The official launch of Visual Studio 2010 and .Net Framework 4 is set for 22 March 2010, with the technology expected to ship around that time.
With Visual Studio 2010, Microsoft is enabling it to be used with platforms such as the upcoming Windows 7 OS a well as with the Windows Azure cloud platform. Team capabilities for application lifecycle management also are critical. Multi-monitor support is featured as well.
The second beta adds capabilities for developing applications for the company's SharePoint collaboration platform. Visual Studio features for SharePoint include the ability to build a new SharePoint project, and build and deploy a SharePoint website and the applications behind it.
"All that happens within Visual Studio," said Dave Mendlen, Microsoft senior director of developer marketing. Microsoft are also due to roll out the 2010 version of SharePoint at the SharePoint Conference in Las Vegas, at which time company CEO Steve Ballmer also will announce the new beta release of Visual Studio 2010 and .Net Framework 4, Mendlen said.
.Net Framework 4 beta 2 also features SharePoint capabilities and reduces the size of the framework itself by 80 percent, Mendlen said. "The end users, the customers of these applications, will have to download a dramatically smaller runtime," resulting in an improved installation process and less time waiting to get an application running, said Mendlen.
SharePoint capabilities in Visual Studio 2010 should help boost SharePoint, an analyst said.
"SharePoint has grown like wildfire, but development of SharePoint applications has not been as easy because of the lack of tooling within Visual Studio," said Mike Gualtieri. senior analyst at Forrester. "Visual Studio 2010 includes tools for SharePoint development that will make it much more easy for developers to create and deploy SharePoint applications. Now Visual Studio developers can target SharePoint as a platform."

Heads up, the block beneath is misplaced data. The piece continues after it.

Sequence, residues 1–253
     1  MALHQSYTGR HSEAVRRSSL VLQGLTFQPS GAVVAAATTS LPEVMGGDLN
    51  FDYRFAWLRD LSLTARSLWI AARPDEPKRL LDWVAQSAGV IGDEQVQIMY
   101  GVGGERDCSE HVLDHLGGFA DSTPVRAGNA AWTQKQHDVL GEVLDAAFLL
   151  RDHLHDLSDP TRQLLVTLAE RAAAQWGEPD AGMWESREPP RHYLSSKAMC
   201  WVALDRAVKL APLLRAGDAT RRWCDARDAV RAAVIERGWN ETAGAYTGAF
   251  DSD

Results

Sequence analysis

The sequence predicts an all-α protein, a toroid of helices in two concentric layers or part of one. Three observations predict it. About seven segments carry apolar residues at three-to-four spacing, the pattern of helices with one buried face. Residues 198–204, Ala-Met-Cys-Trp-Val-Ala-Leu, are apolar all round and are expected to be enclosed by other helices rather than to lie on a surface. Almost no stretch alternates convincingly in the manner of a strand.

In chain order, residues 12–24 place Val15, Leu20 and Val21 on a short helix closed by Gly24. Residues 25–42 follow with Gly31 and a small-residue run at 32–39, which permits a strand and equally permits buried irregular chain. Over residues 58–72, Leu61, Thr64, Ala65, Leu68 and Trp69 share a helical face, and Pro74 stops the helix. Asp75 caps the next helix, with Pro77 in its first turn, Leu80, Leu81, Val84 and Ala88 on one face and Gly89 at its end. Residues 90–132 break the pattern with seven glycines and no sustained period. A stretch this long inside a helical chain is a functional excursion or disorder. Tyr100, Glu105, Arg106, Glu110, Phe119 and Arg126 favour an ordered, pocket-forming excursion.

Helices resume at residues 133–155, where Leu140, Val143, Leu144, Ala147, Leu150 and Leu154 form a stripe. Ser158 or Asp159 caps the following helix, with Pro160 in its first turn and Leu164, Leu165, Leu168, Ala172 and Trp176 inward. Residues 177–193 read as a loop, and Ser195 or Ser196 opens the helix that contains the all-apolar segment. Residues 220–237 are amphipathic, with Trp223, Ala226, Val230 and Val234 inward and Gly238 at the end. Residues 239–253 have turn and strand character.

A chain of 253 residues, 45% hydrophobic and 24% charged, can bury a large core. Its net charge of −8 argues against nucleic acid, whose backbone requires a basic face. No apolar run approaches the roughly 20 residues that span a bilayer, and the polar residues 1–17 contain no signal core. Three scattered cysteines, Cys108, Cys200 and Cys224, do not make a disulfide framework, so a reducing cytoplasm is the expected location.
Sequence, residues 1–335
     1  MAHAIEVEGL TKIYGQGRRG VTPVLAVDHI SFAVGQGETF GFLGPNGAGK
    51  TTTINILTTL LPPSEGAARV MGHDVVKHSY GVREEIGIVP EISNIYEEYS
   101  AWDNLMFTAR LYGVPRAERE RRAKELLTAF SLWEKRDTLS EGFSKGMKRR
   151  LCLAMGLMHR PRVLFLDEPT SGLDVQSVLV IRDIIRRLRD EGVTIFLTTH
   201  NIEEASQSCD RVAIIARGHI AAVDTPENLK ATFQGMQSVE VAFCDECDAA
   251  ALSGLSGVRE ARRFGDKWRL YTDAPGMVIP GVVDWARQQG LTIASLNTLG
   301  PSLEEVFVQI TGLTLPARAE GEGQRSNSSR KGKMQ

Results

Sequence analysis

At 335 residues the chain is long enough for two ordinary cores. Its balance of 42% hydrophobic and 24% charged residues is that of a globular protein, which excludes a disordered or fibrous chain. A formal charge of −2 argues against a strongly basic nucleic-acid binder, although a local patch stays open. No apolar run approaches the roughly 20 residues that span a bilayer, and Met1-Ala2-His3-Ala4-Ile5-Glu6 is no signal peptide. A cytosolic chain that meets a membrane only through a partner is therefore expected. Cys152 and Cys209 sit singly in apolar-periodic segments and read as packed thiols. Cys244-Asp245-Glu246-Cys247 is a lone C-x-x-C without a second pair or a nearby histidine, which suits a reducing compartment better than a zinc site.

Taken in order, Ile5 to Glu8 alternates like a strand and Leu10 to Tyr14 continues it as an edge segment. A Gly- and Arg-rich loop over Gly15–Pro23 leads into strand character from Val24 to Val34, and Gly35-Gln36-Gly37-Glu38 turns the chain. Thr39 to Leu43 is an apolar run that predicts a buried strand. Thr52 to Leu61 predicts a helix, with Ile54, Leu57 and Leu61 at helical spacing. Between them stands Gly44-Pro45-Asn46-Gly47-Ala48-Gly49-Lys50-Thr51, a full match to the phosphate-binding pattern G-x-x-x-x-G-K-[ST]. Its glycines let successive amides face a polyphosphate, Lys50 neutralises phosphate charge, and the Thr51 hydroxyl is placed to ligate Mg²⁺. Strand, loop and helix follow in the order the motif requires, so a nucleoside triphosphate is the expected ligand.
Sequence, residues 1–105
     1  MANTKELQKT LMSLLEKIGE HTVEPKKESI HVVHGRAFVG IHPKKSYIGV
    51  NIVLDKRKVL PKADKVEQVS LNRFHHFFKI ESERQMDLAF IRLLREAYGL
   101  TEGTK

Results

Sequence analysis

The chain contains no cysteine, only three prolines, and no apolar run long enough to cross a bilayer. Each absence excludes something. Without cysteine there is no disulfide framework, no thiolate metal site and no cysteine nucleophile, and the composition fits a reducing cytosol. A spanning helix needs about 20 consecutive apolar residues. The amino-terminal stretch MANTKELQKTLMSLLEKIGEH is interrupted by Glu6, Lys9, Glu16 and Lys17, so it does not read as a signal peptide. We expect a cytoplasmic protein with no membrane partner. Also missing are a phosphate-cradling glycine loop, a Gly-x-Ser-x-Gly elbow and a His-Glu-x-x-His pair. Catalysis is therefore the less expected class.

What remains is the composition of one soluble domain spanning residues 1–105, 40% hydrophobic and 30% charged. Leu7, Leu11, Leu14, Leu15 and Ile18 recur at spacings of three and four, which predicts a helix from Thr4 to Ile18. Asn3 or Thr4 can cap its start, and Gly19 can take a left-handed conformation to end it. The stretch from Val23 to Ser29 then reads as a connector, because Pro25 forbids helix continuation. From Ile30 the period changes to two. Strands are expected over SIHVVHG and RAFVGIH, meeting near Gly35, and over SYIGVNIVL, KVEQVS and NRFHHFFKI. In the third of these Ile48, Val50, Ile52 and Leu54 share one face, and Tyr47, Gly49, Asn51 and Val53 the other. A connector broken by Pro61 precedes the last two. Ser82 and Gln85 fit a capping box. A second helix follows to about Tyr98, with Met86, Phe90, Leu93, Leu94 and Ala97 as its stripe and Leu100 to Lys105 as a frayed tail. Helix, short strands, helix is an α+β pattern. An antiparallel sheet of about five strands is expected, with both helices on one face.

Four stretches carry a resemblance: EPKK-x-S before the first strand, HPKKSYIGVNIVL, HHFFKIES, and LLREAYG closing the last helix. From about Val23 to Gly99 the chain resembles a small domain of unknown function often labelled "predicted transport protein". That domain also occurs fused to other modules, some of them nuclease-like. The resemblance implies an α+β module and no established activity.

There are no plans for a third beta of Visual Studio 2010.
Also on Monday, Microsoft will elaborate on how its Visual Studio platform is being reduced from nine different packaging options to just three primary options.
"The feedback that we've heard from our customers was [nine options] was too complicated," said Mendlen. "There were too many packages to choose from."
The three primary packages, featuring MSDN subscriptions, include:
- Visual Studio 2010 Ultimate with MSDN, featuring the full suite of tools including ALM products. Testing and architecture tools also are featured.
- Visual Studio 2010 Premium with MSDN, featuring the Visual Studio toolset but lacking some architecture capabilities of the Ultimate edition. Some of Microsoft's ALM suite is included.
- Visual Studio 2010 Professional with MSDN, for basic development tasks. It includes the core version of Visual Studio.
Users also can purchase Visual Studio 2010 Professional minus a MSDN subscription.
Microsoft also is looking to encourage MSDN subscriptions. New benefits of MSDN include unlimited access to Visual Studio Team Foundation Server upon release, the ability to develop on the Windows Azure cloud computing platform and complementary e-learning of as much as 40 hours per year per subscriber.
"[Developers] can build applications inside of Azure at no cost to them," said Mendlen.
"The inclusion of hours for the Azure platform is very smart," Gualtieri said. "Cloud computing is a given, and will become deployment approach of choice in the next few years."
MSDN customers also will be moved to a higher level of Visual Studio than what they are paying for today, he said.